College Football Coach. He is best remembered as the longtime head coach of the University of Alabama Crimson Tide football team. During his 25-year tenure as Alabama's head football coach, he accumulated six national championships (1961, 1964, 1965, 1973, 1978, and 1979) and thirteen conference championships, along with 15 bowl wins including 8 Sugar Bowls. He was also known for being a tough, stern disciplinarian and for his trademark black and white hound's-tooth or gingham hat, deep voice, casually leaning up against the goal post during pre-game warm-ups, and frequently holding his rolled-up game plan while on the sidelines. Born Paul William Bryant in the community of Moro Bottom, outside of Fordyce, Arkansas, the 11th of 12 children, his parents were poor farmers. He received his nickname "Bear" from his having agreed to wrestle a captive bear during a theater promotion when he was 13 years old. He attended Fordyce High School and played on the offensive and defensive line of the school's football team. During his senior season, the team won the 1930 Arkansas state football championship. In 1931 he accepted a scholarship to play for the University of Alabama at Tuscaloosa, Alabama but because he elected to leave high school before completing his diploma, he had to enroll in a Tuscaloosa high school to finish his education during the fall semester while he practiced with the college team. He played end for the Crimson Tide and was a participant on the school's 1934 National Championship team. After graduating from college, he was selected in the fourth round by the Brooklyn Dodgers in the 1936 National Football League Draft, but never played professionally. That same year, he took a coaching job at Union University in Jackson, Tennessee, but he left that position when offered an assistant coaching position under Frank Thomas at the University of Alabama, compiling a 29-5-3 record over 4 seasons. In 1940 he left Alabama to become an assistant coach at Vanderbilt University at Nashville, Tennessee and after the 1941 season, he was offered the head coaching job at the University of Arkansas at Little Rock, Arkansas. However, following the bombing of Pearl Harbor, he joined the US Navy and in 1942 he served as an assistant coach with the Georgia Pre-Flight Skycrackers. During his time in the Navy, he served off the coast of North Africa without seeing any combat action. While in the Navy, he attained the rank of Lieutenant Commander. In 1944 he was discharged from the Navy to train recruits and coach the North Carolina Navy Pre-Flight football team. In 1945 he became the head football coach at the University of Maryland at College Park, Maryland. In his only season there, he led the team to a 6-2-1 record. After the 1945 season, he left Maryland in a dispute when he had suspended a player for breaking training rules and the college president reinstated him without consulting Bryant. In 1946 he became the head football coach at the University of Kentucky at Lexington, Kentucky and coached there until 1953. While there, Kentucky made its first bowl appearance in 1947 and won its first Southeastern Conference title in 1950. The 1950 Kentucky team concluded its season with a victory over Bud Wilkinson's #1 ranked Oklahoma Sooners in the Sugar Bowl. In 1954 he accepted the head football coaching job at Texas A&M University at College Station, Texas, serving as its athletic director. In 1956 he led the team to the Southwest Conference championship and the following year, his star running back John David Crow won the Heisman Trophy (the only Bryant player to ever earn that award). At the close of the 1957 season, having compiled an overall 25-14-2 record at Texas A&M, he returned to the University of Alabama to take the head football coaching position, succeeding J.B. "Ears" Whitworth, as well as becoming its athletic director. In 1961 Alabama went 11-0 and defeated Arkansas in the Sugar Bowl to claim the national championship. The next three years (1962 to 1964) featured Joe Namath at quarterback and were among his finest. The 1962 season ended with a victory in the Orange Bowl over Bud Wilkinson's University of Oklahoma Sooners. The following year ended with a victory in the 1963 Sugar Bowl. In 1964 Alabama won another national championship, but lost to the University of Texas in the 1965 Orange Bowl, in the first nationally televised college game in color. Alabama would repeat as champions in 1965 after defeating Nebraska in the Orange Bowl. Coming off back-to-back national championship seasons, his Alabama team went undefeated in 1966, and defeated a strong Nebraska team in the Sugar Bowl. For the next four years, Alabama achieved little success but in 1971 they went undefeated during the season but lost to Nebraska in the Orange Bowl. They would go on to split national championships in 1973 (Notre Dame defeated Alabama in the 1973 Sugar Bowl) and 1978 (despite losing a regular season matchup against co-national champion USC) and win it outright in 1979. After the 1982 season he decided to retire, closing out his career with a victory over the University of Illinois at the Liberty Bowl. After the game, he was asked what he planned to do now that he was retired and replied "Probably croak in a week." His reply would prove ominous. Four weeks after making that comment, and just one day after passing a routine medical checkup, he checked into Druid City Hospital in Tuscaloosa after experiencing chest pain. A day later, when being prepared for an electrocardiogram, he died after suffering a massive heart attack. He was a 12-time Southeastern Conference Coach of the Year and a three-time National Coach of the Year in 1961, 1971, and 1973. The national coach of the year award was subsequently named the Paul "Bear" Bryant Award in his honor. His all-time record as a coach was 323-85-17, with the most wins as a college football head coach up to that time. A month after his death, he was posthumously awarded the Presidential Medal of Freedom, the nation's highest civilian award, by President Ronald Reagan. At the University of Alabama, the Paul W. Bryant Museum, Paul W. Bryant Hall, Paul W. Bryant Drive and Bryant-Denny Stadium are all named in his honor. In 1996 he was honored on a United States postage stamp.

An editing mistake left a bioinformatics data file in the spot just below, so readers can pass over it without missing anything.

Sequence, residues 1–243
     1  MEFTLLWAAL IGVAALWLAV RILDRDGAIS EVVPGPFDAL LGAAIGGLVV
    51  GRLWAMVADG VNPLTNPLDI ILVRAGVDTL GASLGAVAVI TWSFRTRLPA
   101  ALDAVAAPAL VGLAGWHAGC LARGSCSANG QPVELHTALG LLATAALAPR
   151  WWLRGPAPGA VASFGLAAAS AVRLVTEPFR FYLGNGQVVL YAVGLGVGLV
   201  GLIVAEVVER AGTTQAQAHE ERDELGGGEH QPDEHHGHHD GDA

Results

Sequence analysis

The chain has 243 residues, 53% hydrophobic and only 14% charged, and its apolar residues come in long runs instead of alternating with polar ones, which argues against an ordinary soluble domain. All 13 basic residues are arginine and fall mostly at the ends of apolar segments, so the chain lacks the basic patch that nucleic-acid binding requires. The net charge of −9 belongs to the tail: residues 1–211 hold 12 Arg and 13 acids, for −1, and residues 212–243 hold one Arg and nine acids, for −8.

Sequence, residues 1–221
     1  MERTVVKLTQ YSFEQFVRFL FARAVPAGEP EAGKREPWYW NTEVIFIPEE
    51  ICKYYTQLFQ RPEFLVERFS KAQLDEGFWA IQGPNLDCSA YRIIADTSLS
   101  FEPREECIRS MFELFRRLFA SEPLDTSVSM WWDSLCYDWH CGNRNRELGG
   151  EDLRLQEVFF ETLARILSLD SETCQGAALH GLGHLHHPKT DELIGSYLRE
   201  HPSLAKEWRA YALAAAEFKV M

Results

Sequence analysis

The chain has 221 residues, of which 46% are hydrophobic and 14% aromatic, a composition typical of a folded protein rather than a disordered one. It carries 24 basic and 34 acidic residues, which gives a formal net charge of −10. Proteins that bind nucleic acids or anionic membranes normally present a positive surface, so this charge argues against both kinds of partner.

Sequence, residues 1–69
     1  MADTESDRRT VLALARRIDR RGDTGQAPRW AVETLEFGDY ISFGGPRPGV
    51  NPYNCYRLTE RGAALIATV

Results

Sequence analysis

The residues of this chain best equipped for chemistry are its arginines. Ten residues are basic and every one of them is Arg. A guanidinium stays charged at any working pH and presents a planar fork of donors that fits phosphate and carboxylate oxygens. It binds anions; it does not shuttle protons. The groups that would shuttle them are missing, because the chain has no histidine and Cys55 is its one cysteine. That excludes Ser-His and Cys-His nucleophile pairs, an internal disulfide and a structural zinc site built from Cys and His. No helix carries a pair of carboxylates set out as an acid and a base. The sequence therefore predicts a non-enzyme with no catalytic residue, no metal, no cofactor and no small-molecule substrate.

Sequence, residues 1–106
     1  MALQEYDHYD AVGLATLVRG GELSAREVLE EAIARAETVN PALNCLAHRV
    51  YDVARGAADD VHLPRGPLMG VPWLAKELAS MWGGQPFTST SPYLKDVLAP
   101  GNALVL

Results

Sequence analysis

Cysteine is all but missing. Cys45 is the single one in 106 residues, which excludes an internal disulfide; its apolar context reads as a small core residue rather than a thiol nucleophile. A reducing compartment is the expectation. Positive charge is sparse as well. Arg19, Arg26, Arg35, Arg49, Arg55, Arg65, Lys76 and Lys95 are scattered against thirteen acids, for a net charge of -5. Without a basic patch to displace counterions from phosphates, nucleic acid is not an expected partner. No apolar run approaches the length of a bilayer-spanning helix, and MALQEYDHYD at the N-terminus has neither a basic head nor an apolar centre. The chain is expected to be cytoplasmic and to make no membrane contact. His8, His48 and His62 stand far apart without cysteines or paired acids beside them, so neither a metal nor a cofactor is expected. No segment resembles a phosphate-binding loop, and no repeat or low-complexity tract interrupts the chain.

Bio by: William Bjornstad
Mary Harmon Black Bryant